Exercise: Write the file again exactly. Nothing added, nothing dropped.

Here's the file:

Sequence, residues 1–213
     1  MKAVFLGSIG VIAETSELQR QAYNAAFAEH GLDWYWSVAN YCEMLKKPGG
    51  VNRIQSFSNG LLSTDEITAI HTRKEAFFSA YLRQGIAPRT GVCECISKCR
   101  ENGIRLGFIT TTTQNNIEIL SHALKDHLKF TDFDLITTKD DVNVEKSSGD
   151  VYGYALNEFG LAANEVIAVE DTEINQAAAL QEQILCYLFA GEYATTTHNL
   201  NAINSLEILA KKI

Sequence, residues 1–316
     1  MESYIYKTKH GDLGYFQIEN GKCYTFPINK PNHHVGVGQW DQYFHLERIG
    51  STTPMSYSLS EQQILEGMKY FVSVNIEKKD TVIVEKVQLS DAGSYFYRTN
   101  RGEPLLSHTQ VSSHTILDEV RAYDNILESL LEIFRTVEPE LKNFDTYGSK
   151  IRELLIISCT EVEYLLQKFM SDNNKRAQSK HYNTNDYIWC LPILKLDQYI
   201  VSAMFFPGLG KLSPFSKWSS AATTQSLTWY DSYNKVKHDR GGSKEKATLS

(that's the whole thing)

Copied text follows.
Sequence, residues 1–213
     1  MKAVFLGSIG VIAETSELQR QAYNAAFAEH GLDWYWSVAN YCEMLKKPGG
    51  VNRIQSFSNG LLSTDEITAI HTRKEAFFSA YLRQGIAPRT GVCECISKCR
   101  ENGIRLGFIT TTTQNNIEIL SHALKDHLKF TDFDLITTKD DVNVEKSSGD
   151  VYGYALNEFG LAANEVIAVE DTEINQAAAL QEQILCYLFA GEYATTTHNL
   201  NAINSLEILA KKI

Sequence, residues 1–316
     1  MESYIYKTKH GDLGYFQIEN GKCYTFPINK PNHHVGVGQW DQYFHLERIG
    51  STTPMSYSLS EQQILEGMKY FVSVNIEKKD TVIVEKVQLS DAGSYFYRTN
   101  RGEPLLSHTQ VSSHTILDEV RAYDNILESL LEIFRTVEPE LKNFDTYGSK
   151  IRELLIISCT EVEYLLQKFM SDNNKRAQSK HYNTNDYIWC LPILKLDQYI
   201  VSAMFFPGLG KLSPFSKWSS AATTQSLTWY DSYNKVKHDR GGSKEKATLS